How long can cholera bacterium survive inside a dead host? Can they remain dormant in such conditions?


On a hill not far from where I live, there was a hospital operating since 16th until 19th century, for cholera patients, and a cemetery for those, who didn't make it. It was closed in 1st half of 19th century and until 20th century not even ruins of the hospital remained; the gravestones got lost under a layer of soil.

Currently, the area is being built over. Large amounts of soil are being excavated for foundations and basements of new houses. Rainwater falling on the piles of excavated soil floats down through driveways, backyards and gardens of houses down the hill, including my own.

Should I worry?

  • $\begingroup$ What is the climate of the region that you are talking about? Is the soil generally moist? $\endgroup$
    Mar 5, 2015 at 14:58
  • $\begingroup$ Moderate climate, central-eastern Europe, the soil is common clay loam (I may be wrong on this); the hill top area made persistent groundwater non-issue, but the weather is rather on rainy side and the soil is poorly transpiring water and retains it, remaining moist most of the time. $\endgroup$
    – SF.
    Mar 5, 2015 at 15:07
  • $\begingroup$ Do you, or your community, readily use ground water for drinking, cooking, or cleaning of food preparation sites? I'm inclined to think the "Should I worry" part of the question is off topic for medical advise, but the general cholera question is a good one. $\endgroup$
    – Atl LED
    Mar 12, 2015 at 14:05
  • $\begingroup$ @AtlLED: We have gardens with fruits and vegetables. Our pets run free in the gardens. Sometimes we wear sandals, exposing any tiny injuries on feet to the moisture in the grass. I can easily imagine children picking up food that fell on moist ground and eating it, disregarding hygiene. Also, during rain we inhale droplets of water aroused from the ground by rainfall. $\endgroup$
    – SF.
    Mar 26, 2015 at 12:15
  • $\begingroup$ None of what you mentioned is likely to have a infectious dose of v. cholerae. It's more a problem of directly using the water in your day to day life. $\endgroup$
    – Atl LED
    Mar 26, 2015 at 16:42

1 Answer 1


No, I don't think so.

Mostly estuaries (brackish water) and marine biofilms on submerged surfaces are a reservoir for Vibrio cholerae. Vibrio cholerae is isolated from rivers, creeks, washes, irrigation ditches, hulls of ships, etc. (Indeed, cholera spread rapidly throughout the world after the 1817 epidemic, largely due to the inadvertent transport of contaminated bilge water, mainly from British ships.)

Transmission is by the fecal–oral route. Infections are particularly common after ingesting contaminated water or food. Cases are occasionally seen in people who have eaten raw or undercooked shellfish, particularly oysters, from contaminated waters. V. cholerae is excreted in the feces and vomitus. Viable organisms can be found in feces for up to 50 days, on glass for up to a month, on coins for a week, in soil or dust for up to 16 days and on fingertips for 1 to 2 hours. Bacteria survive well in water and may remain viable in shellfish, algae or plankton in coastal regions.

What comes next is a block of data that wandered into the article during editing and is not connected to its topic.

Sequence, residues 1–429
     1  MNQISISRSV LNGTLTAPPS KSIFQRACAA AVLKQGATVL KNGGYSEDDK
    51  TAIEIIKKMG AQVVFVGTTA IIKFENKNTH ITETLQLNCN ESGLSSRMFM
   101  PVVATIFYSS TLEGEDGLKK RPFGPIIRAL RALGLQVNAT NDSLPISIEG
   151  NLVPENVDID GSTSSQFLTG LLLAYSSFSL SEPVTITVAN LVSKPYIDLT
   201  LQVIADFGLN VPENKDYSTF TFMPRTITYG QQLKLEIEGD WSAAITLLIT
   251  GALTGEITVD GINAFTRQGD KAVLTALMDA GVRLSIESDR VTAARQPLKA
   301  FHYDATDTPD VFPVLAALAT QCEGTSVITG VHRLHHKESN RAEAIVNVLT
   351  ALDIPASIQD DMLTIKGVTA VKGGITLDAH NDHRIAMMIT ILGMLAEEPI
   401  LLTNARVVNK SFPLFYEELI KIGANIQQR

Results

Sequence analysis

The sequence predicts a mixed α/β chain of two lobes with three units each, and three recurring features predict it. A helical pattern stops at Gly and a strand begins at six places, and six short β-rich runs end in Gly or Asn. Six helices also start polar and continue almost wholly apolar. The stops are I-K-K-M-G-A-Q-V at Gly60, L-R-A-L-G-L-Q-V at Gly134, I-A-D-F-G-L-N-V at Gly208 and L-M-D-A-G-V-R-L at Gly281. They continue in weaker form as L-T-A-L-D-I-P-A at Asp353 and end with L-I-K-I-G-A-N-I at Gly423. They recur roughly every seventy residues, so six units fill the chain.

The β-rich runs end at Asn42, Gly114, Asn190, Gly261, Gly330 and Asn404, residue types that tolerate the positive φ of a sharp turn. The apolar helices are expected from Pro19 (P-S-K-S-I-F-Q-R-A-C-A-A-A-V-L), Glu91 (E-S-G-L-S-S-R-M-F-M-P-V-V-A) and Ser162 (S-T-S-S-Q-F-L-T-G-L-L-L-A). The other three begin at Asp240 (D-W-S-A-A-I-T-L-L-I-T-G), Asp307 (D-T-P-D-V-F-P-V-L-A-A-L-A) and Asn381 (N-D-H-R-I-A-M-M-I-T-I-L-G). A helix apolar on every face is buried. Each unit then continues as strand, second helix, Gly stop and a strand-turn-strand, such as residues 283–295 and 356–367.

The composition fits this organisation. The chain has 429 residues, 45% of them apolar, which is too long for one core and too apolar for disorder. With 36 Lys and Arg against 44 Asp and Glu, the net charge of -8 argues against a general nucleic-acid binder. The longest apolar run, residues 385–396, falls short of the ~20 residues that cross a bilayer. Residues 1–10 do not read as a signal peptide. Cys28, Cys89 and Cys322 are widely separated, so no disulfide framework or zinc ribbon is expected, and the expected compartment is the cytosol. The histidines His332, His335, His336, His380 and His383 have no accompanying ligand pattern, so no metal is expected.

In 1855, a wave of cholera hit London. Thousands became ill and died before John Snow identified the Broad Street water pump as the single point source of that outbreak. Today, patrons of the John Snow Pub (built on the site) can enjoy local ale, and more importantly, a glass of crystal clear, pathogen-free water.

V. cholerae [is] an autochthonous aquatic bacterium rather than a human pathogen that is a transient resident of the aquatic environment. V. cholerae has over 200 serogroups, with O1 and O139 being the causative agents of cholera, due to their carriage of the genes encoding cholera toxin (CT) and the toxin co-regulated pilus. ...[A]ssociations with the human host is only one small aspect of the V. cholerae life cycle and is not necessary for environmental persistence. ...[T]his bacterium is a cosmopolitan aquatic species that is capable of causing illness in humans.

Vibrio cholerae attachment is mediated by pili, which promote surface attachment and subsequent biofilm formation. It is rather difficult to believe that an aquatic biofilm was preserved on the hill for all those years, even in a dormant stage.

...they could transform into a unique dormant stage that was able to survive for months in the sediment of the estuary. ...These exciting new data enabled investigators to now integrate information regarding the seasonal nature of events surrounding an outbreak in populations living near estuaries.

I have found nowhere that the dormant stage can occur outside of water.

Environmental reservoirs and mechanisms of persistence of Vibrio cholerae

Medical Ecology Main Page


Something goofy going on with these, sorry.


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